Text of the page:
This was a time before Instagram had exploded yoga awareness as broadly as it is today. I found that people in my hometown had not experienced the yoga that I was familiar with teaching in LA. Most people thought I was offering witchcraft or cirque-du-soleil, but nothing in-between. When the studio was sitting empty, I had to make some changes. I had to educate people on what exactly I was doing to get out into the community to show them it wasn’t scary. I partnered with other local businesses to do fun events such as Yoga and Donuts. I did social media contests (before that was a thing).
I visited businesses in the area to offer yoga to their staff. I also changed how I was taught. The combination of all those things worked. The studio started to grow. And it kept growing. (I should also mention my family kept growing. Somewhere in this timeline, I had 2 children 18 months apart.) We outgrew our little started home and moved to a pretty new home with more space. We outgrew that space as well and it was at this time that I was approached by 2 other people local business owners who wanted to help me expand into a space that could accommodate our growing community.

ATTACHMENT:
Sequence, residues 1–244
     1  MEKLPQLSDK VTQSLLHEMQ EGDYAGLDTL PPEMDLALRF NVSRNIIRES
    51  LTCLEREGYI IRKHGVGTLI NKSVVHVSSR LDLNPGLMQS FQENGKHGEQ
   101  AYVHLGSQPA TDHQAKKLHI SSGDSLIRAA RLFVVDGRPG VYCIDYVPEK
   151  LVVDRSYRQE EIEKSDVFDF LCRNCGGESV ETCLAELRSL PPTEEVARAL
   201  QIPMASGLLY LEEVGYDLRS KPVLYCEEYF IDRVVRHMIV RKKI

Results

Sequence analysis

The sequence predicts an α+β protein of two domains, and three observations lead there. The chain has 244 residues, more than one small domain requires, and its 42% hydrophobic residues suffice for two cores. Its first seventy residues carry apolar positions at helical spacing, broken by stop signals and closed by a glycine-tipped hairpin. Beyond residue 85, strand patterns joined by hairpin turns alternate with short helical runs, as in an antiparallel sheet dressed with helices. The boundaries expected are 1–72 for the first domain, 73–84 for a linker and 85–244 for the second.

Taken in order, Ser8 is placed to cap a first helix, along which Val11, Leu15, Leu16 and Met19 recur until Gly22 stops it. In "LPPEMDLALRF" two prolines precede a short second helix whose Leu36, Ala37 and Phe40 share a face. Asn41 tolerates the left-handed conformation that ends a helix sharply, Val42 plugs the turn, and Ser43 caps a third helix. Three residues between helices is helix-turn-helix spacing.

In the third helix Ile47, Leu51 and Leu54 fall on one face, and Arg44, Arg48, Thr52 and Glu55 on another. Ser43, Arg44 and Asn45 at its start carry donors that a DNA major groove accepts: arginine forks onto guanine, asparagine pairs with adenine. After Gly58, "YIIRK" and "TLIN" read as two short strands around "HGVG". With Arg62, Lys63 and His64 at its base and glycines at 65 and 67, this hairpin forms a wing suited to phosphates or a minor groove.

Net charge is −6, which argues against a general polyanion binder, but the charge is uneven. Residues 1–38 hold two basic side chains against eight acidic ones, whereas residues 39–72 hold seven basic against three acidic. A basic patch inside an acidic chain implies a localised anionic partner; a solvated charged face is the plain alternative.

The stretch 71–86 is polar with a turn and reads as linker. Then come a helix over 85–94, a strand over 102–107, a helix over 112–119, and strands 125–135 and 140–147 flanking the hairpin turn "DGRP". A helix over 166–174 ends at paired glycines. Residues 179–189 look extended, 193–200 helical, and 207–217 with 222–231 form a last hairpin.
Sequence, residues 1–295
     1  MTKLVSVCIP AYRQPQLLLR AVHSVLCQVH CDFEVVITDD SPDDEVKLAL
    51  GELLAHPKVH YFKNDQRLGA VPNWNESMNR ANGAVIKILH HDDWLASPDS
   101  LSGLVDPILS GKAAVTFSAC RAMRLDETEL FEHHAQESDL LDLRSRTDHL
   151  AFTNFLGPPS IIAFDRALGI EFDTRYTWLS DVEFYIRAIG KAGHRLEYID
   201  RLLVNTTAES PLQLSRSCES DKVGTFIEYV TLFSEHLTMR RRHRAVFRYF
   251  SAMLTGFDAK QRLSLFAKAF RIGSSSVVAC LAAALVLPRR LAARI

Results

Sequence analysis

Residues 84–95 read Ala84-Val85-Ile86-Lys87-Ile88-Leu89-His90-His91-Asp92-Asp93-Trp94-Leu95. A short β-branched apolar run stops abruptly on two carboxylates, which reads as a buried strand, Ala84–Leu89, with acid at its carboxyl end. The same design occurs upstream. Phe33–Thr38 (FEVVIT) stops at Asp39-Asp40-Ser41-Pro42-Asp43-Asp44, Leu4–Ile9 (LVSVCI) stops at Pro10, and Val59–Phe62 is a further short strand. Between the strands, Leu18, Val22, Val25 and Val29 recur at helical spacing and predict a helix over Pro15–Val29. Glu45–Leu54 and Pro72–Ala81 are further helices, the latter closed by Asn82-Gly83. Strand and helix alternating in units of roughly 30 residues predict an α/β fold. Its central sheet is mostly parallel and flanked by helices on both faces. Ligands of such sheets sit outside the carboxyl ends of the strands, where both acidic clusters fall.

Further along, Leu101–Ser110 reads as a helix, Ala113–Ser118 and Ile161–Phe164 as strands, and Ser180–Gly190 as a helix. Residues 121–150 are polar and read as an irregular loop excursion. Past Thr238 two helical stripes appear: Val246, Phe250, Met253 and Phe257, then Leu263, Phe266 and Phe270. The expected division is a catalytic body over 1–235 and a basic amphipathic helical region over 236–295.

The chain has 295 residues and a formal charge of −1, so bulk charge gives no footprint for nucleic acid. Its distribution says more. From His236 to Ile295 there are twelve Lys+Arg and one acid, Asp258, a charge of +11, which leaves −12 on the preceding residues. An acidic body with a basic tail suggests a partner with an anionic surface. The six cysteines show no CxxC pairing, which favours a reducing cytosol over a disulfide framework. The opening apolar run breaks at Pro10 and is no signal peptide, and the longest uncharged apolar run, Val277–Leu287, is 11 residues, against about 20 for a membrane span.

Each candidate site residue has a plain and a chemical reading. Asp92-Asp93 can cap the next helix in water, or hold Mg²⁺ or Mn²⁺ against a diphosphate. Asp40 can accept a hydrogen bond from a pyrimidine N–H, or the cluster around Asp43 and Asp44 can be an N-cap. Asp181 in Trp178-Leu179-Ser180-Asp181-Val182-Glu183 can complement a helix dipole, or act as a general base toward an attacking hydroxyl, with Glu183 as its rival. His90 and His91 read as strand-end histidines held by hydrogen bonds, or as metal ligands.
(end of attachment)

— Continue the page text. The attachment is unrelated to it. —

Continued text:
We became business partners and built out a beautiful space with loads of room. The studio grew exponentially once we had the space and I was so proud of how far we had come from our little make-shift studio space with no one showing up for a class to a full schedule with packed classes. I was over the moon with gratitude.
Sadly, like many partnerships, it did not go as we had all hoped and dreamed. We had a different outlook on how the studio should operate. After a very hard talk with my heart, I decided to walk away from the business I had built and lived in for 9 years. I hadn’t had the intention of opening another studio at first, my heart was a little too tender but then fate stepped in. On a trip to Austin, I jumped into a yoga class not knowing the studio was a donation-based studio.